From digital marketing to online selling, from IBM & Canada eGovernance to Craftgully .. Dhirender shares online selling tricks


When Dhirender Nirwani and Kunjal Nirwani came up with the idea of Craftgully, they visualized it as a street (or gully) with stores for each of the different crafts (ie. Quilling, jewellery making, flower making, clay modeling etc). Their thought was that much like the real world, a customer could walk down the street, browsing in and out of the stores buying whatever caught their fancy.

When they left the comforts of a secure job and entered into the world of being their own boss, their support system was a combination of the ton of experience they had with the belief in their idea, all their savings and of course the passion to build something bigger than them.

In this IOS exclusive, Dhirender shares insights and opinions about the shift into the world of online selling once they started Craftgully in 2014.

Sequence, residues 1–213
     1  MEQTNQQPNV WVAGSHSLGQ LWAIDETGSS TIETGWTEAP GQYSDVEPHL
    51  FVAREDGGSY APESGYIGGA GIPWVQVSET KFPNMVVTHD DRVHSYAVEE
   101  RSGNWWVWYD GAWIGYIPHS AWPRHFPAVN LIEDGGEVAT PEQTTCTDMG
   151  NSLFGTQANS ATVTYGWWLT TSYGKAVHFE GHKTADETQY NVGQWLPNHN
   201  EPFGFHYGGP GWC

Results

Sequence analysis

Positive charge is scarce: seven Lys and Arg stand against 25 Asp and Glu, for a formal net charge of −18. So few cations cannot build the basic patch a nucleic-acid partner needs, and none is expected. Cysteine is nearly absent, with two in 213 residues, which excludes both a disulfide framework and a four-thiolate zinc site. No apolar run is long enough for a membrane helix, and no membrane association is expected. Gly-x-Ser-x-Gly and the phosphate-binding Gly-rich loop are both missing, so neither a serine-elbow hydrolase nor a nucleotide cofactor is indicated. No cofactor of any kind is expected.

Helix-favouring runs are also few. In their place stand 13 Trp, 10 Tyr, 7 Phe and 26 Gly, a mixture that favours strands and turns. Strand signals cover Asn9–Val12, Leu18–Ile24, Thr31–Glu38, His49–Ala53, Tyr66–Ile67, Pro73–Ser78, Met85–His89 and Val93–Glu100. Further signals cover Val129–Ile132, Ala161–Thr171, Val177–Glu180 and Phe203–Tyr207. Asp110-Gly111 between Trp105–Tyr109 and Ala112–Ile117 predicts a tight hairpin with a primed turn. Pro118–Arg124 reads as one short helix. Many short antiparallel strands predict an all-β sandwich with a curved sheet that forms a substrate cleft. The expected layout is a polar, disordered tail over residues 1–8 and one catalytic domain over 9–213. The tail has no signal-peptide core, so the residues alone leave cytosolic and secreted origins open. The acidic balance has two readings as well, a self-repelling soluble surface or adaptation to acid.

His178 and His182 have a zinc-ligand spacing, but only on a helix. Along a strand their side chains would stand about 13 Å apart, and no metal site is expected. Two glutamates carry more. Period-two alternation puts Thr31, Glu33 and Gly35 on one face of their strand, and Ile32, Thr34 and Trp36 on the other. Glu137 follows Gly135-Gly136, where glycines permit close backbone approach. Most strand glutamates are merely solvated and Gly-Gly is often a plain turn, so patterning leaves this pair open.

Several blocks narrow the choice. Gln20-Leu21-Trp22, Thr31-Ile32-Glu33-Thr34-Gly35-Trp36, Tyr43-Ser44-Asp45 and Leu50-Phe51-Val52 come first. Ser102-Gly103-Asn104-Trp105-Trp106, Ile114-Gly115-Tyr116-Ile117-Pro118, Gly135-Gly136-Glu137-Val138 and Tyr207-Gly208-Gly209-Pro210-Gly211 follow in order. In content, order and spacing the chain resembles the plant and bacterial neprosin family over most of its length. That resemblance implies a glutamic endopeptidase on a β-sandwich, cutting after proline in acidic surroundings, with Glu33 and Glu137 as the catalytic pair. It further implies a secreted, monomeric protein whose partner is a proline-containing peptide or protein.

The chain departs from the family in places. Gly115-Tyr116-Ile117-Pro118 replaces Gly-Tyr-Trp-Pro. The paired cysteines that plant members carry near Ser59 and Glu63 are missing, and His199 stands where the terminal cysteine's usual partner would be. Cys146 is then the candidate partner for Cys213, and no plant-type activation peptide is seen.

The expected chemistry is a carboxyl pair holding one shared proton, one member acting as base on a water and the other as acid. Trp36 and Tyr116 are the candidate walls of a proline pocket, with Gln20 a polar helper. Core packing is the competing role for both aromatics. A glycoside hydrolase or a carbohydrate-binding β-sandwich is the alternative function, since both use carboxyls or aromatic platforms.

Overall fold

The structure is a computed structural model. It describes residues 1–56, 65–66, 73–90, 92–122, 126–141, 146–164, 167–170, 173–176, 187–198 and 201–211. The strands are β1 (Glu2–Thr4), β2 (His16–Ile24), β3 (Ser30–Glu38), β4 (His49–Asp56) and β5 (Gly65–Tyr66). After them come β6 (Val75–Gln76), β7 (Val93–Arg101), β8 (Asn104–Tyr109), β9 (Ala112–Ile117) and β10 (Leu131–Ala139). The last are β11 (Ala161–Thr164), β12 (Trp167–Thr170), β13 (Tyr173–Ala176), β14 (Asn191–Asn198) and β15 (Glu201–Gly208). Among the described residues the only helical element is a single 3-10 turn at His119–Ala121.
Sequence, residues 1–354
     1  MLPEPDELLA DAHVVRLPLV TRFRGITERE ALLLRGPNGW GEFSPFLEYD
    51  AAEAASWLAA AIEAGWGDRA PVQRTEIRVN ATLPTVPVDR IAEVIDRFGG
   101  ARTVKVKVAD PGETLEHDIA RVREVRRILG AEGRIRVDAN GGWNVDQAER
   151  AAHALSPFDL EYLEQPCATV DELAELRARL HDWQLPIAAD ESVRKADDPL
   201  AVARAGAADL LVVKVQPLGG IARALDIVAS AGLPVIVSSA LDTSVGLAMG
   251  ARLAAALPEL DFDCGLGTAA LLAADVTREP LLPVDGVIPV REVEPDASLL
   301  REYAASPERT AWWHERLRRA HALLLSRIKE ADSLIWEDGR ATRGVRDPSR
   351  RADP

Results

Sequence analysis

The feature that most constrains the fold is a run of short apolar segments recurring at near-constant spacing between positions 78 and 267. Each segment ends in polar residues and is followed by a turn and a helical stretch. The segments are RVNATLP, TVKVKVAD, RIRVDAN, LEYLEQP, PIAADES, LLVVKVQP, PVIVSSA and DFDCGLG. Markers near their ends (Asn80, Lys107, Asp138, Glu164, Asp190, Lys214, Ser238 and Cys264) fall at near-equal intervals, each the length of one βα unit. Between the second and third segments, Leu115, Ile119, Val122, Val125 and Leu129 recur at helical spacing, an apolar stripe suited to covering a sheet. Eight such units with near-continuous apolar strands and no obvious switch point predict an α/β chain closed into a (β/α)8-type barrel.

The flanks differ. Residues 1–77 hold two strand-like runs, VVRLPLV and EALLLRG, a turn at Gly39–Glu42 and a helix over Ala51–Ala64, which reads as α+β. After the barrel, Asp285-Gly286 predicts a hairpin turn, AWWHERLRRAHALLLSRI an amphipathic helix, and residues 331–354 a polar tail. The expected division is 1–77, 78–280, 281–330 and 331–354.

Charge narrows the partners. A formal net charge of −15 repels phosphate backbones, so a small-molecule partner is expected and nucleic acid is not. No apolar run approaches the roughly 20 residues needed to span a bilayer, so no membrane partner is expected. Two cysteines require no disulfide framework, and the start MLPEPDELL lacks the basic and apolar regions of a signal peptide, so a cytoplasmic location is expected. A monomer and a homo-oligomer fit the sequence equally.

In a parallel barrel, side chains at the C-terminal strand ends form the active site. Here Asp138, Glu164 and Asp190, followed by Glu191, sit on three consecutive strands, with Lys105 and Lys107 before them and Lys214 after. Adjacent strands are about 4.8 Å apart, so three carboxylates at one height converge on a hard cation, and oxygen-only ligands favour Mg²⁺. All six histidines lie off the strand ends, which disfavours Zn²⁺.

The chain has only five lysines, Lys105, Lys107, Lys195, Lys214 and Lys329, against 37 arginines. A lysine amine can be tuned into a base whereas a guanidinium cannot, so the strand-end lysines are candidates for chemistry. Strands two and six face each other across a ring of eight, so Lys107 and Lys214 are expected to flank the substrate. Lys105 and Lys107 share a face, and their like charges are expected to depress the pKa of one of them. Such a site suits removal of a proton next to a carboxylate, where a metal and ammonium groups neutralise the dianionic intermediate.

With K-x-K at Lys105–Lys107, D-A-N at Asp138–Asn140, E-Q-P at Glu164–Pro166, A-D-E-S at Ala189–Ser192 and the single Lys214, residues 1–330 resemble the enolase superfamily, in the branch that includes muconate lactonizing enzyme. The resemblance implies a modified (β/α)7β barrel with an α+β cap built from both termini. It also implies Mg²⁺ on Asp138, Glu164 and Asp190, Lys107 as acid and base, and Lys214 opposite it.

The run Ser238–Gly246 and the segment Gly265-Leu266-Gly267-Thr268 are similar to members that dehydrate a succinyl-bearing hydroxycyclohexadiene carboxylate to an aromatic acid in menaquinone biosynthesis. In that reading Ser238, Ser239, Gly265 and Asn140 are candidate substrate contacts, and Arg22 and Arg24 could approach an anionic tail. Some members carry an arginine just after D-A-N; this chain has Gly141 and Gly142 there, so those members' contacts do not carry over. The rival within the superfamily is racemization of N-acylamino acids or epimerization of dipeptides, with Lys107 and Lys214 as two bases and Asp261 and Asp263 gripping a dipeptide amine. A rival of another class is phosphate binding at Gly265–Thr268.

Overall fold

You and Kunjal are from different backgrounds. How does that help?

Both of us being from different backgrounds works very well to our advantage. Each of us brings a certain specialization and competence to the table, which complements the other in this venture. While my expertise is in technology, marketing, business and strategy, Kunjal’s lies in understanding the subject, and the customer. Each of us works to our strengths, and together we are able to provide a great experience for crafters everywhere.

You have a warehouse in Goa, city of tourism, but you operate out of Mumbai, city of opportunity. We are curious to know the reason..

While our registered offices are in Mumbai, our complete warehousing, logistics and operations are based out of Goa. We found Goa scored on a number of points – it is fairly well connected to most cities in India, has a proximity to Mumbai, offers a much better work environment, and a chance at a better work-life balance. Moreover, surrounded with the kind of natural beauty that Goa has, you cannot help, but do good work.

A number of the products that we sell are custom made to our specifications by various manufacturers, while some are made in-house. We also import some of the products we sell, while we also source some locally from artisans who specialize in them.